|You are in: Special Report: 1999: 09/99: China 50 years of communism|
Thursday, 30 September, 1999, 08:52 GMT 09:52 UK
China and the challenge from cyberspace
By the BBC's Gillian Gray
As China prepares to mark the 50th anniversary of the People's Republic, 20th century methods of communication are opening up access to information in China, and posing fresh challenges for the authorities.
Around 20 years ago, during the Cultural Revolution, only propaganda was available.
Things improved when Deng Xiaoping set China on the path to what he called the socialist market economy.
Technology improved, and the country had access to programmes on cable and satellite television, better telephone communication systems including cell phones, and international calls - and the Internet.
Despite the fact that Internet access is still available only in the cities, it has enjoyed spectacular success in China in the five years since the first users went online.
Figures released in July 1999 showed that there were about four million Internet users in China.
By the end of the year, numbers are expected to reach eight million.
"Now you can talk to anybody, anywhere," explains Charles Zhang, a director of one of China's few privately-run Internet portal sites, Sohu.com.
Most Internet users are young male professionals with above average income, who use the Internet to find out about news and current affairs, and for entertainment.
Chinese Internet users can now express themselves freely to a degree never before experienced - in a country that forbids public gatherings and demonstrations.
According to Charles Zhang, Western commentators exaggerate the extent of censorship by the authorities.
"You can block a demonstration with tanks, but you cannot use tanks to block the Internet," says Gua Lian, a philosopher at a Chinese academy, looking back to the violent suppression of the Tiananmen Square protests in June l989.
If the country is to continue to enjoy economic growth and modernisation it needs the Internet and so has invested a good deal of money in it.
But the country still has a totalitarian government, and the authorities continue to exert tight control on information.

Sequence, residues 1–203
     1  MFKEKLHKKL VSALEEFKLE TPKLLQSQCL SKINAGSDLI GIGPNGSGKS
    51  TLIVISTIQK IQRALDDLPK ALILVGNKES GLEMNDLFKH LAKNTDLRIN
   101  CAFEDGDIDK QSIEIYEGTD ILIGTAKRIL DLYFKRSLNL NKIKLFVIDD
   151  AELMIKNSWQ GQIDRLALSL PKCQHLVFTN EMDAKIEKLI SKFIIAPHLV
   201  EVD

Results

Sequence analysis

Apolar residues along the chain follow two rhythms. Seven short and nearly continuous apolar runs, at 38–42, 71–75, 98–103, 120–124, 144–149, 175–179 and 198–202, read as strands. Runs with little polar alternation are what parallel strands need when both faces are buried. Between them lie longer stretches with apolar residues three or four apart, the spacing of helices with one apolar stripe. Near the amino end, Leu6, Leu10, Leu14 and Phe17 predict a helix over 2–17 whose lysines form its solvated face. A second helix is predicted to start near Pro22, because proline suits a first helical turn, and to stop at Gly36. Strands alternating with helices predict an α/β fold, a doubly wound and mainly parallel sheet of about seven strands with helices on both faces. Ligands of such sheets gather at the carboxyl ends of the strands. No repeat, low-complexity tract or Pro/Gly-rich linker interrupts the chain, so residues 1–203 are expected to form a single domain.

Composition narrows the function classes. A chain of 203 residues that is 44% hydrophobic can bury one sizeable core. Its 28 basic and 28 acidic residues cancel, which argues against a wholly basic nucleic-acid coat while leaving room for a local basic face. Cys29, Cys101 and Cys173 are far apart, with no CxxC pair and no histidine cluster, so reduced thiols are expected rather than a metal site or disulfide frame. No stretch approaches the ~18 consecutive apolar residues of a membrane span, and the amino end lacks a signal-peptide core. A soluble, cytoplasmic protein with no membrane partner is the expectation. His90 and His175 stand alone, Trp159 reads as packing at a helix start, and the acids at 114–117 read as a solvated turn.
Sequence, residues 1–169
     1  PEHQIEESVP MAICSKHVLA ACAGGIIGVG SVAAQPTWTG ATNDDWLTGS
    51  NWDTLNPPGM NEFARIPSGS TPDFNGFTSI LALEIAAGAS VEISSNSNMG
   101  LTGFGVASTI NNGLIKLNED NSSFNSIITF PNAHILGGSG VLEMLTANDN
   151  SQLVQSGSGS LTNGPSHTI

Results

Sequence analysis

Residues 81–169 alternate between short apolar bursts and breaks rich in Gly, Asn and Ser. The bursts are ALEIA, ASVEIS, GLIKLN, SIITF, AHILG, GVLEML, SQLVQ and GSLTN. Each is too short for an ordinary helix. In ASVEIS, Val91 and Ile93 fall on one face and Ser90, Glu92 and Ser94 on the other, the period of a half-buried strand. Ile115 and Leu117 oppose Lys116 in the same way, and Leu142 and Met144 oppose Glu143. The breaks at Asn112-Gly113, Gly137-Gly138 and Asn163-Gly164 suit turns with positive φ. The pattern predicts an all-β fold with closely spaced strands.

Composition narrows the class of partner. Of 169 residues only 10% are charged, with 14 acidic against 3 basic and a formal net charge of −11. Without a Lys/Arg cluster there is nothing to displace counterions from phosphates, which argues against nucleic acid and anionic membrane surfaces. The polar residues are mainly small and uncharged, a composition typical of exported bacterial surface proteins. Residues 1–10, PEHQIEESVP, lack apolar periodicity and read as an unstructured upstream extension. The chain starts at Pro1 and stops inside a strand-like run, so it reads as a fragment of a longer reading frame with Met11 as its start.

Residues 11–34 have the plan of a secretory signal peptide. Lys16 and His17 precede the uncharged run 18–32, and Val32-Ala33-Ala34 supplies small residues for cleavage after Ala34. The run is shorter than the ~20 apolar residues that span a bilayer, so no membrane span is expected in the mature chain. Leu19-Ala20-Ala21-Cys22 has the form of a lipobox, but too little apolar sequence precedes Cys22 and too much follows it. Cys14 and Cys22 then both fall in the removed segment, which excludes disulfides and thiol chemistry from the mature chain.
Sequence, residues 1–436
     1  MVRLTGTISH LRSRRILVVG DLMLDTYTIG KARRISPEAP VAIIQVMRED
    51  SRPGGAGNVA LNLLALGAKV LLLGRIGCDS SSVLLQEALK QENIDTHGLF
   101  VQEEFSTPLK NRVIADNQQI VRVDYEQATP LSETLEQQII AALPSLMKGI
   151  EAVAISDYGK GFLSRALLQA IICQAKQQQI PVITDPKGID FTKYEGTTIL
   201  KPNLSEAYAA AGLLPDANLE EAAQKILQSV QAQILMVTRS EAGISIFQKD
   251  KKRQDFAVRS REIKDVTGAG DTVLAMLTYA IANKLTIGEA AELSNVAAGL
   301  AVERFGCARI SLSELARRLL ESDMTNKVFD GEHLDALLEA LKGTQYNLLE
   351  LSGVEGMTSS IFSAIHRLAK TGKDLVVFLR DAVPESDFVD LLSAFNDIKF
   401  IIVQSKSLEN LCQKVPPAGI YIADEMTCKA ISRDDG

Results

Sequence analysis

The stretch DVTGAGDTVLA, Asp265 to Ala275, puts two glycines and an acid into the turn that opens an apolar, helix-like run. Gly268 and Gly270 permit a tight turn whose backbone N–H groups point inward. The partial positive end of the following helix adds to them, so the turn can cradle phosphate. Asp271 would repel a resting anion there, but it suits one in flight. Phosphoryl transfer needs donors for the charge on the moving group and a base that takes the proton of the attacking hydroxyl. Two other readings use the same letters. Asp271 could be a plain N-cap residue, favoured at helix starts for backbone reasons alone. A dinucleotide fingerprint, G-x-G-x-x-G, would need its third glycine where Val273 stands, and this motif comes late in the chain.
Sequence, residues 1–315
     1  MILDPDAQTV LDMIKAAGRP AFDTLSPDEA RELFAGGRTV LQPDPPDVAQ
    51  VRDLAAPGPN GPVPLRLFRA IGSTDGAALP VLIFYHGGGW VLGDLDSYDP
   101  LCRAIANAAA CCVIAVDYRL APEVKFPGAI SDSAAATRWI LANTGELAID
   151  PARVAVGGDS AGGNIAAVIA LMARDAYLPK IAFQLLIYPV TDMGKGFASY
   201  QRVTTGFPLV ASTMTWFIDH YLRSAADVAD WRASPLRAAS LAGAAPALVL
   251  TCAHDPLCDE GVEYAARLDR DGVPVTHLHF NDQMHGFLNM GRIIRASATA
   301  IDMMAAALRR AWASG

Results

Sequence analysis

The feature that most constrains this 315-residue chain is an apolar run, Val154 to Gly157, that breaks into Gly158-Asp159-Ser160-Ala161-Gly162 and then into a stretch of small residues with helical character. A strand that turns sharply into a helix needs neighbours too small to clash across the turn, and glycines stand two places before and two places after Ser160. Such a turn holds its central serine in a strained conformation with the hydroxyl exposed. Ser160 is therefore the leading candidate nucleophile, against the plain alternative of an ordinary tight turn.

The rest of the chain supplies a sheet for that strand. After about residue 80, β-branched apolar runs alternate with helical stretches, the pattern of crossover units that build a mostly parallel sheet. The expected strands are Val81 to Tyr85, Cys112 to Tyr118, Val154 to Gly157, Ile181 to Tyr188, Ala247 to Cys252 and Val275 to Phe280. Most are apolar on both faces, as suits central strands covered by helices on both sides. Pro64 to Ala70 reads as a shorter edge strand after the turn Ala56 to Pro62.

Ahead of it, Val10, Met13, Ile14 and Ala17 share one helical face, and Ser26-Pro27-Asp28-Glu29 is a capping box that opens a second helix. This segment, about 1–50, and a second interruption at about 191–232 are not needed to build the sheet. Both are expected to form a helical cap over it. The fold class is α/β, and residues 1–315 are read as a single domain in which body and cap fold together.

In China, the media is looked on as a tool that the government must control in order to keep the country and the economy stable.
1999 is a particularly sensitive year, with the 10th anniversary of Tiananmen Square and the 50th anniversary of the founding of the People's Republic.
Journalists, magazines and newspapers that strayed too far from the prescribed line were sent stern warnings. An influential book publisher and an "adventurous" newspaper were closed.
There was a crackdown on foreign satellite programmes carried on cable television channels.
BBC News Online blocked
But the Internet is much more difficult to police.
But according to Dai Qing, whose writing has been banned since l989, her work was recently published on the Internet in her name by her editor with no response from the authorities.
Nevertheless, Chinese police departments have been authorised to monitor individual users of the Internet, and they can ask service providers to block troublesome web sites.
A number of sites including the BBC, CNN, ABC and Voice of America have been blocked, and a Chinese computer executive who supplied e-mail addresses to a human rights organisation in the United States was sentenced to two years in prison.
Falun Gong Web crackdown
The strength of the Internet was brought home to the Chinese authorities by the religious group Falun Gong.
When the government cracked down on the group and its leader, Li Hongzhi, it had to try to crack down on the Internet too.
Many Websites had been carrying material relating to the group. The government suspended them for a couple of days, and one practitioner with his own Website was imprisoned.
The authorities also launched their own site directed against Falun Gong, with around 100 articles trying to refute every aspect of the sect - including one in which Li Hongzhi's mother's midwife claimed that he was a trickster.
The existence of this Internet site might seem like overkill, but China's leaders have good reason to fear religious groups.
The first dynasty of China, the Han dynasty, was toppled by a quasi-religious sect, and they have played a major role in Chinese politics in the 2000 years since then.
Access not lost
It is harder for the government to reach people based abroad.
New York-based organisation Human Rights in China's Website is blocked, like hundreds of others, but determined users can get round the firewall by using proxy servers.
Human Rights in China member Xiao Cheng reports that a statement on their site about Falun Gong attracted a lot of interest and was immediately cut, pasted, and spread around by several Chinese electronic newsletters.
Hours later, it was discovered that the same article had been posted inside China's chatrooms and electronic bulletins so people could download it and e-mail it on, with no possibilty of tracking the person responsible.
So messages for a Chinese audience can very easily be made available to the country's Internet users.
For more than 2,000 years, China looked inwards to a world seen as complete in itself.
Now there is no turning back. Technology has linked the country with the outside world and as we move into the next millennium, it is a revolution only just beginning.
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